Project description:In the development of risk prediction models, predictors are often measured with error. In this paper, we investigate the impact of covariate measurement error on risk prediction. We compare the prediction performance using a costly variable measured without error, along with error-free covariates, to that of a model based on an inexpensive surrogate along with the error-free covariates. We consider continuous error-prone covariates with homoscedastic and heteroscedastic errors, and also a discrete misclassified covariate. Prediction performance is evaluated by the area under the receiver operating characteristic curve (AUC), the Brier score (BS), and the ratio of the observed to the expected number of events (calibration). In an extensive numerical study, we show that (i) the prediction model with the error-prone covariate is very well calibrated, even when it is mis-specified; (ii) using the error-prone covariate instead of the true covariate can reduce the AUC and increase the BS dramatically; (iii) adding an auxiliary variable, which is correlated with the error-prone covariate but conditionally independent of the outcome given all covariates in the true model, can improve the AUC and BS substantially. We conclude that reducing measurement error in covariates will improve the ensuing risk prediction, unless the association between the error-free and error-prone covariates is very high. Finally, we demonstrate how a validation study can be used to assess the effect of mismeasured covariates on risk prediction. These concepts are illustrated in a breast cancer risk prediction model developed in the Nurses' Health Study.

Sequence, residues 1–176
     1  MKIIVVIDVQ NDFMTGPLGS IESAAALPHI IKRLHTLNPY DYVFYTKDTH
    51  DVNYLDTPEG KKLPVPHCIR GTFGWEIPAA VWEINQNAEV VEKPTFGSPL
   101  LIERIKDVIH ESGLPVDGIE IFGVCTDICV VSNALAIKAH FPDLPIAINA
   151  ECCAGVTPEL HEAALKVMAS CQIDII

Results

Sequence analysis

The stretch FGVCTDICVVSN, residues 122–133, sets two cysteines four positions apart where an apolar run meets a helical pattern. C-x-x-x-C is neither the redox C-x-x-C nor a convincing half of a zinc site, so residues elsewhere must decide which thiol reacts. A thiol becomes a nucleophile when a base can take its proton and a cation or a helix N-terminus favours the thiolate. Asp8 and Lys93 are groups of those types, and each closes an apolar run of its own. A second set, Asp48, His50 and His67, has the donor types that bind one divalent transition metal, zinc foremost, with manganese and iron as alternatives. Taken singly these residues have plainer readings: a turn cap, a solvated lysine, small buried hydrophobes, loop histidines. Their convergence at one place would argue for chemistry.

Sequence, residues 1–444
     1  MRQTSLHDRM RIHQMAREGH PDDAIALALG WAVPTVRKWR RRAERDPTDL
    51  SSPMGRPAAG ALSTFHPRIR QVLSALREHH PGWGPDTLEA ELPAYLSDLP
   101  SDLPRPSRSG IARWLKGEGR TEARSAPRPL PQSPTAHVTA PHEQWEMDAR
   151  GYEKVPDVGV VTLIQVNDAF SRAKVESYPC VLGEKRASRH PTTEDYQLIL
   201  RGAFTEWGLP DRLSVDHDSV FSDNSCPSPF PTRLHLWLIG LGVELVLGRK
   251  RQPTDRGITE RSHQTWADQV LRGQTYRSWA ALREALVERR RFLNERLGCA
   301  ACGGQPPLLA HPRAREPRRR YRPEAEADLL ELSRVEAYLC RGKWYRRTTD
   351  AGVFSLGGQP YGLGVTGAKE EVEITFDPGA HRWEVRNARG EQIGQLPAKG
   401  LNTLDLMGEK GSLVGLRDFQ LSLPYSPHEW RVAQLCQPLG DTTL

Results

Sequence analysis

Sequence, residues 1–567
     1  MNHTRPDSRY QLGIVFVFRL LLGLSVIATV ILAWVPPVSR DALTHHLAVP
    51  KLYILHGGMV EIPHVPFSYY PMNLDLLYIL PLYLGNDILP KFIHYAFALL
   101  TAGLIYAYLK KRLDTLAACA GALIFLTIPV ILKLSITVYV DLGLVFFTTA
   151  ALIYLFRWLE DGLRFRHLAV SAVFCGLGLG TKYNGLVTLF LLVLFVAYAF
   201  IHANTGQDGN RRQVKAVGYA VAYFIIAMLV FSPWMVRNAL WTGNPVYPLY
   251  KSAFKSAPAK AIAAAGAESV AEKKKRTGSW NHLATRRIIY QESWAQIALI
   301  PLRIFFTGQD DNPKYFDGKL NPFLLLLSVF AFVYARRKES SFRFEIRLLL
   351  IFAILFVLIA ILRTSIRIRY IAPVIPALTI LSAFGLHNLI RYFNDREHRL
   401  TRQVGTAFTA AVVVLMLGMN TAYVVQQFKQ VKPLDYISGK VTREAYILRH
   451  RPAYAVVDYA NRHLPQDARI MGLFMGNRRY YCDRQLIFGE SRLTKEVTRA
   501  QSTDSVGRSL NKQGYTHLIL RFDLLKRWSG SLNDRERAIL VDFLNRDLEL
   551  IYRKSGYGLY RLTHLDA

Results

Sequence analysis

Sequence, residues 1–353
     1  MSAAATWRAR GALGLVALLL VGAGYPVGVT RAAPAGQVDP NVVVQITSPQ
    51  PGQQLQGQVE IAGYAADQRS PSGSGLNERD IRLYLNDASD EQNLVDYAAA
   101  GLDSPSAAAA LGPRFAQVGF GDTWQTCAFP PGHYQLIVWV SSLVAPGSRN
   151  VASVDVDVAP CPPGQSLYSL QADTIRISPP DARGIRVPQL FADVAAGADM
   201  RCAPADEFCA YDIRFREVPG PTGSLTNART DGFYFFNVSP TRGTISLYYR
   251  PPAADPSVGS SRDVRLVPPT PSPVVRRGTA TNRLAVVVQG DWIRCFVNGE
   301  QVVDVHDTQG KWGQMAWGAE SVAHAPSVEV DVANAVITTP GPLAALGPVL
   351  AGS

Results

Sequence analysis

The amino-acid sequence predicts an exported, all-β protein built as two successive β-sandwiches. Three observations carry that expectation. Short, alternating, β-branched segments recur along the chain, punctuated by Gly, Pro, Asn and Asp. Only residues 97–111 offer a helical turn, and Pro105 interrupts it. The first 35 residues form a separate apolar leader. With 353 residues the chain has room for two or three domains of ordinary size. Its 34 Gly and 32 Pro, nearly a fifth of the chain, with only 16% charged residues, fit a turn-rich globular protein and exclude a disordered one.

Project description:BACKGROUND:It is important to estimate the treatment effect of interest accurately and precisely within the analysis of randomised controlled trials. One way to increase precision in the estimate and thus improve the power for randomised trials with continuous outcomes is through adjustment for pre-specified prognostic baseline covariates. Typically covariate adjustment is conducted using regression analysis, however recently, Inverse Probability of Treatment Weighting (IPTW) using the propensity score has been proposed as an alternative method. For a continuous outcome it has been shown that the IPTW estimator has the same large sample statistical properties as that obtained via analysis of covariance. However the performance of IPTW has not been explored for smaller population trials (<?100 participants), where precise estimation of the treatment effect has potential for greater impact than in larger samples. METHODS:In this paper we explore the performance of the baseline adjusted treatment effect estimated using IPTW in smaller population trial settings. To do so we present a simulation study including a number of different trial scenarios with sample sizes ranging from 40 to 200 and adjustment for up to 6 covariates. We also re-analyse a paediatric eczema trial that includes 60 children. RESULTS:In the simulation study the performance of the IPTW variance estimator was sub-optimal with smaller sample sizes. The coverage of 95% CI's was marginally below 95% for sample sizes <?150 and???100. For sample sizes <?100 the coverage of 95% CI's was always significantly below 95% for all covariate settings. The minimum coverage obtained with IPTW was 89% with n?=?40. In comparison, regression adjustment always resulted in 95% coverage. The analysis of the eczema trial confirmed discrepancies between the IPTW and regression estimators in a real life small population setting. CONCLUSIONS:The IPTW variance estimator does not perform so well with small samples. Thus we caution against the use of IPTW in small sample settings when the sample size is less than 150 and particularly when sample size <?100.